Mom and son flee to avoid chemo

Mom and son flee to avoid chemo
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For most parents, the moment they first hold their newborns, they realize what lengths they might go to in order to protect their child. From fighting off lions to jumping in front of speeding cars, parents would be willing to battle any demon that they had to for the sake of their child's safety. Daniel Hauser's parents are no different. His mother genuinely believes that the chemotherapy treatments that might save his life could also destroy him.

Thirteen year old Daniel Hauser was diagnosed in January of 2009 with Hodgkin's lymphoma. His parents have decided, based on their religious beliefs, that Daniel's cancer would be treated better through the use of alternative medicines or alternatives in combination with chemotherapy.

While I practice in the field of alternative medicine and wholeheartedly believe in natural and preventative treatment, I also know that once a condition has become a reality in the human body (as contrasted to a state of "dis-ease" in the energy field surrounding the human body) an "all hands on deck" philosophy works best. At that point, I encourage the use of every resource available: medical doctor, surgeon, oncologist, nutritionist, acupuncturist, therapist, and so on. It can be quite difficult to undo a physical reality like cancer and I would be the last person to suggest reliance on "natural" means as the sole solution.

Even more significant, Daniel Hauser is a minor. He is a child who needs his parents to make informed choices for him. He evidently does not know how to read and may not understand the severity of his condition or how chemotherapy could likely help him beat back lymphoma. All he knows is how horrible he felt after the one chemotherapy treatment, which likely is the reason that he swears he'll fight back against getting any more chemo. It is indeed sad that the state has found it necessary to proceed with such a show of force; that only makes Daniel and his mother even more fearful.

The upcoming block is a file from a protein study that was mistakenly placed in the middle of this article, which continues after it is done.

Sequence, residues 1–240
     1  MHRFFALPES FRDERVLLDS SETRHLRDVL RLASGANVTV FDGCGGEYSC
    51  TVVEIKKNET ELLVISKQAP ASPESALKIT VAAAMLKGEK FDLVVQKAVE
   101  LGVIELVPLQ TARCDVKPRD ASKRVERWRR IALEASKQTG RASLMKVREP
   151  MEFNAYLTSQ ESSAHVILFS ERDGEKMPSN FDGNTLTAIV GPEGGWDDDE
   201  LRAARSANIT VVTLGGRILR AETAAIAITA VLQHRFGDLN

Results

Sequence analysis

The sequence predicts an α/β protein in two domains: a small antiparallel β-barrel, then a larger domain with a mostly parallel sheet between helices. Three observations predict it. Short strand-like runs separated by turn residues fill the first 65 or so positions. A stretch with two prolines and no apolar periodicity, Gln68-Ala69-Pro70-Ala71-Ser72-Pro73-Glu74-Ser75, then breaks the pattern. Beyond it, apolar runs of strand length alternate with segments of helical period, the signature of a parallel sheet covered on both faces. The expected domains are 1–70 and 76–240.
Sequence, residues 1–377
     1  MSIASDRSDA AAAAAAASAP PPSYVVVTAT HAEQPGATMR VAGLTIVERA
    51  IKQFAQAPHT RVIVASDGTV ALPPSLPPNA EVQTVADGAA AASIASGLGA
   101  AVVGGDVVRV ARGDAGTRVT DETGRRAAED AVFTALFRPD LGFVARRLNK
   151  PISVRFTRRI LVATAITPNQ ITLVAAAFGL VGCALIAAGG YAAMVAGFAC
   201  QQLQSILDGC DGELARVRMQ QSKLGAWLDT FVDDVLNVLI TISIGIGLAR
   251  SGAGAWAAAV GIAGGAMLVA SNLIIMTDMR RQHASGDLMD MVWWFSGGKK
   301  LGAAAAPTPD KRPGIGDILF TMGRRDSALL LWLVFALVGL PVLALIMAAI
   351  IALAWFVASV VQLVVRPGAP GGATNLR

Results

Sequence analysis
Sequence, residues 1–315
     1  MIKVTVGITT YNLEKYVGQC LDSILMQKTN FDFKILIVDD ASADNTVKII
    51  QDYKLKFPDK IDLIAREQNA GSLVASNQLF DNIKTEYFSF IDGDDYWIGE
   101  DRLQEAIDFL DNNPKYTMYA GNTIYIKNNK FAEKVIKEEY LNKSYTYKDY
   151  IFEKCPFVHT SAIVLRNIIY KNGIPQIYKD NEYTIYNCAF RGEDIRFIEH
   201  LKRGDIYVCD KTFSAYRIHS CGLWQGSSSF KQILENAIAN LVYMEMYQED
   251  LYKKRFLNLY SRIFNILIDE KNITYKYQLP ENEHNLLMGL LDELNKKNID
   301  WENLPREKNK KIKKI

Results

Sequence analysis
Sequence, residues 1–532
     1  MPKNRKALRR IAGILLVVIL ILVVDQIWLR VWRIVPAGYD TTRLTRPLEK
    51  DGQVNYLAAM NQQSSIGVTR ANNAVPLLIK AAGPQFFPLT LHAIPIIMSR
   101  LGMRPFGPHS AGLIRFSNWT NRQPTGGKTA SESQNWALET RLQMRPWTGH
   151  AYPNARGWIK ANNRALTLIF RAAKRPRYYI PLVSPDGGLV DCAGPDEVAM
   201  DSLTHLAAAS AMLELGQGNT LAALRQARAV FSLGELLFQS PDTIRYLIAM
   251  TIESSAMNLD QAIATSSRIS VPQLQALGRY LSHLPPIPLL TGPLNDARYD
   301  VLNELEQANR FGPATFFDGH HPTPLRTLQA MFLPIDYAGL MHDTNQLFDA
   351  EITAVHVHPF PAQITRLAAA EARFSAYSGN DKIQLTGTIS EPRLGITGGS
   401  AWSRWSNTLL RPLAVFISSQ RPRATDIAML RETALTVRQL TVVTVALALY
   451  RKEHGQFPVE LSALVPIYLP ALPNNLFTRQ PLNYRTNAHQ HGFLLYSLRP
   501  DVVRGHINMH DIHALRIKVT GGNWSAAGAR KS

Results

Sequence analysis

What I want Daniel and his parents to know is that he has an extremely good chance at surviving his cancer and that the chemo can be given in the lowest dose possible. At Children's Hospitals and Clinics of Minnesota where Daniel was diagnosed, they even have a program which incorporates a variety of alternative treatment options that could help Daniel feel safer and also deal with the side effects of his chemotherapy.

I know that it cannot be easy to see your child sick as a direct result of medication, and I know that turning your trust over to someone else while denying your beliefs is enough to make anyone ill. With Daniel, however, his parents just don't have a choice. Parents of sick children must consult experts about viable treatment options available so they can make informed choices that may be contrary to their personal and religious beliefs.

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